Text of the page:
‘This biographical study of Francis Bertie Boyce, for 47 years rector of St Paul’s Redfern in the Anglican Diocese of Sydney, focusses on the remarkable public dimension of his ministry.
In the interests of the Church, he steadfastly withstood the inclination of the secular to drive religion out of the public square. In the interests of the poor, he campaigned for temperance, old age and invalid pensions, and slum clearance. In the interests of the nation, he fought for the ongoing involvement of the churches in public education, for the observance of Empire Day as the celebration of ‘all those things which uplift an empire’s people’, and the annual observance of ‘Church History Sunday’ to give due acknowledgement of the positive role of the Church in Australia’s development. Precisely because Boyce was so exceptional, and yet so effective, the inspiration must be found to raise up faithful evangelical social reformers in his image.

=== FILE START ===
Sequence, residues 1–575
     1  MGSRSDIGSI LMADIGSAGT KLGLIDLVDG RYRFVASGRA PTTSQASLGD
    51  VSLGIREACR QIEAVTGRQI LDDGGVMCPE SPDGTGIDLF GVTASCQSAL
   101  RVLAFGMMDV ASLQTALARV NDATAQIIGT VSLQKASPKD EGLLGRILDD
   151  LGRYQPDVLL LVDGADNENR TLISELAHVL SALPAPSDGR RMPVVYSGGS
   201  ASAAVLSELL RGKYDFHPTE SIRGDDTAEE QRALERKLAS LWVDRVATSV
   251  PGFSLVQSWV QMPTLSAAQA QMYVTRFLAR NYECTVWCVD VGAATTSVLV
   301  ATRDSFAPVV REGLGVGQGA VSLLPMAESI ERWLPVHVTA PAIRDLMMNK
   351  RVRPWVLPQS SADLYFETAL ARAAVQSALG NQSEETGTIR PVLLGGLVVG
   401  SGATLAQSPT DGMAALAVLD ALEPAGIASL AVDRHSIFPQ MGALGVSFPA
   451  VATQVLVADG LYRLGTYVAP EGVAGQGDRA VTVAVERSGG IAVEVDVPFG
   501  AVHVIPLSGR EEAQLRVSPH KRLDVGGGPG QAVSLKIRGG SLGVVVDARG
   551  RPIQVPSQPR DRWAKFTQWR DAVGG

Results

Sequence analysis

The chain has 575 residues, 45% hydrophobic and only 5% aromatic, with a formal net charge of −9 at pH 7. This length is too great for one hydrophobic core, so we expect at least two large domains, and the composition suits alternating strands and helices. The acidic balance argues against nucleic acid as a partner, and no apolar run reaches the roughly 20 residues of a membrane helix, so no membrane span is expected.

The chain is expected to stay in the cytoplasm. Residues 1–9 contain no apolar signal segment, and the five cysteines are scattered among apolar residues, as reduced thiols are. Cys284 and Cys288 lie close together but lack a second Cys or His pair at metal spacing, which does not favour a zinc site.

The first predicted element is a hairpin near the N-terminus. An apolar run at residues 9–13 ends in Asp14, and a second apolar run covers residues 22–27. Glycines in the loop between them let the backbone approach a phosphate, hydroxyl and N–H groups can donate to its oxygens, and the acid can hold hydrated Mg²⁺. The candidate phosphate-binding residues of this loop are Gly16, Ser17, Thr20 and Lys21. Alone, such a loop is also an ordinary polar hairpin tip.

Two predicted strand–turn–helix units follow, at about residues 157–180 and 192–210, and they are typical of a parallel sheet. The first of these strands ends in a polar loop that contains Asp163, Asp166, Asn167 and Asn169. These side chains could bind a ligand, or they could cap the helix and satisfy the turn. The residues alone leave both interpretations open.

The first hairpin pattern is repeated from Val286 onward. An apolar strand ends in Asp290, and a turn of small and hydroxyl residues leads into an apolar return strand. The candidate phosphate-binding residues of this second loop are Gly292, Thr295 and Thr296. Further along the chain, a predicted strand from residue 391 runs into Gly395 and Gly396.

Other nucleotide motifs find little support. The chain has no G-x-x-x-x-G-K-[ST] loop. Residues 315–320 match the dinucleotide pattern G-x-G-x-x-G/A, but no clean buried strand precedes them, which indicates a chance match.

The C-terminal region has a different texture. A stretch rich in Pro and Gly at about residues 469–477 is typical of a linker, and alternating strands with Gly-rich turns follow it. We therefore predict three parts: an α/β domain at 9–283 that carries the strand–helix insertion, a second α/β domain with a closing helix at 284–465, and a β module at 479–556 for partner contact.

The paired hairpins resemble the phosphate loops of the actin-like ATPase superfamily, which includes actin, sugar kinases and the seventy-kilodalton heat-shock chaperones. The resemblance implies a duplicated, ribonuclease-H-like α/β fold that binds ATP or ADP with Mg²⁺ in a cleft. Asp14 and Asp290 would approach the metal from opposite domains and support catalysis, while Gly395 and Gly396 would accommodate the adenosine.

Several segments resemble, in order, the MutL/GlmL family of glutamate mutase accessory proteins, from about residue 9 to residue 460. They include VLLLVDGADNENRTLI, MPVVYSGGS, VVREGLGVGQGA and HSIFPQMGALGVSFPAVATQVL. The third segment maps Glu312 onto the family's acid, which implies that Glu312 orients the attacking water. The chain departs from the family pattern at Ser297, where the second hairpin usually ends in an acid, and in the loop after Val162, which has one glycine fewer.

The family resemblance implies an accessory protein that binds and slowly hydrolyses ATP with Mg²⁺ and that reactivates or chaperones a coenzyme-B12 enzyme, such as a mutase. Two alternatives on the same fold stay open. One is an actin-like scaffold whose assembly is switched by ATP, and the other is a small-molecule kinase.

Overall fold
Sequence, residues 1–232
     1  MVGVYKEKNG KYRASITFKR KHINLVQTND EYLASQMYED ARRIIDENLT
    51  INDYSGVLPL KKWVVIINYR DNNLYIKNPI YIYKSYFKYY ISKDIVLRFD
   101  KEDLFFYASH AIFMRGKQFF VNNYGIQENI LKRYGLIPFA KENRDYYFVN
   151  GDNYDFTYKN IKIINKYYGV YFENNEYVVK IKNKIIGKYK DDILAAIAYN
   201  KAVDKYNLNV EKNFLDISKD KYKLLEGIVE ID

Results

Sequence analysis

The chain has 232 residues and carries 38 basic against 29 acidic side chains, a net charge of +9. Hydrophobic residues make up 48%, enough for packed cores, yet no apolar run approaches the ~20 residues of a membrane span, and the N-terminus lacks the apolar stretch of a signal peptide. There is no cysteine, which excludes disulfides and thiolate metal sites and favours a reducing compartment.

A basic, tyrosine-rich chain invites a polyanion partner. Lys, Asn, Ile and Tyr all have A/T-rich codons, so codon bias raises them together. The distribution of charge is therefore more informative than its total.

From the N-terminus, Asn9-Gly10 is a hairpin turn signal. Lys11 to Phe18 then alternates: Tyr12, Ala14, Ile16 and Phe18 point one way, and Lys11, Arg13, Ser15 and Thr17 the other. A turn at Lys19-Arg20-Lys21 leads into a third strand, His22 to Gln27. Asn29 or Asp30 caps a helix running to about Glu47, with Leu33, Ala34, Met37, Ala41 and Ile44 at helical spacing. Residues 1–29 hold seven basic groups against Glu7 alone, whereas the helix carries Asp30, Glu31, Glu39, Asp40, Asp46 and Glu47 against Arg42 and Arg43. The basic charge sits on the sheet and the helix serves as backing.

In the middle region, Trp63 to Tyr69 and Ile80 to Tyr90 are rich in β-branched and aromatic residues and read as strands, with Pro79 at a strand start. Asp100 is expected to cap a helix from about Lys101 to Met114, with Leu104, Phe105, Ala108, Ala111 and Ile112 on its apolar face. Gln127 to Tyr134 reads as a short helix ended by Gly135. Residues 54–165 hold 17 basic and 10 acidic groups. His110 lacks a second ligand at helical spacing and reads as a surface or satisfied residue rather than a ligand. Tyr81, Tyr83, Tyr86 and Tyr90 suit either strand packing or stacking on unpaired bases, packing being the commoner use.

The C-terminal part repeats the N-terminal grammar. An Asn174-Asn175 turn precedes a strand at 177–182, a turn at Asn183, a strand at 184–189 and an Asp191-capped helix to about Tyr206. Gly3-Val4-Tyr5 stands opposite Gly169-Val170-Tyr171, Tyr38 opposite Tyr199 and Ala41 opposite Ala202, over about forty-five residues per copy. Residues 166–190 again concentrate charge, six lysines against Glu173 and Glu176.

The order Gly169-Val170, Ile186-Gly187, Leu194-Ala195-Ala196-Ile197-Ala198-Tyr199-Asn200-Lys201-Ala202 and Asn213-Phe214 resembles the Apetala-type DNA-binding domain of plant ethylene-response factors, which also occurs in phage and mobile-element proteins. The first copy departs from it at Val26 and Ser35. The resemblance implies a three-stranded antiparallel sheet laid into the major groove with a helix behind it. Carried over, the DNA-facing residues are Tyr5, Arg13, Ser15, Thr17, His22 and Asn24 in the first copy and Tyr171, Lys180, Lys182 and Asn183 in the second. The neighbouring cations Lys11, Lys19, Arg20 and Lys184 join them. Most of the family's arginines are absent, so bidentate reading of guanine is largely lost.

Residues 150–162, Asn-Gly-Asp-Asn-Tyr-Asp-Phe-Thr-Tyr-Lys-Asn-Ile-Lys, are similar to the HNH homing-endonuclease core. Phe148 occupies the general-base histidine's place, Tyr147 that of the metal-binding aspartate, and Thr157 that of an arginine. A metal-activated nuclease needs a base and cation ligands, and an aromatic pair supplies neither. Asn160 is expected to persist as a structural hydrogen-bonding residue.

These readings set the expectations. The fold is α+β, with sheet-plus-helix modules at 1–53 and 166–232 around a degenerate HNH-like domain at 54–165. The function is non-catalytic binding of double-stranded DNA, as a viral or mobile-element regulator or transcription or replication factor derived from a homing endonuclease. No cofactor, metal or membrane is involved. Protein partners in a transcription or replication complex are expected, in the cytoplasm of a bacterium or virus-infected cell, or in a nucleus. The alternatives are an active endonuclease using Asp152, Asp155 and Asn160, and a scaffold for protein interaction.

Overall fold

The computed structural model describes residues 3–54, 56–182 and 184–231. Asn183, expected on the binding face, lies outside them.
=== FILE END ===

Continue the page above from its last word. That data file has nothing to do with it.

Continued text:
Robert Withycombe shows how Boyce did it, and, through meticulous research, brings us the social activist aspirations and rationale of this reformer in his own words. This book is an inspiring read, an invaluable guide to emulating a remarkably practical and effective pastor.’ – Stuart Piggin, Conjoint Associate Professor of History, Macquarie University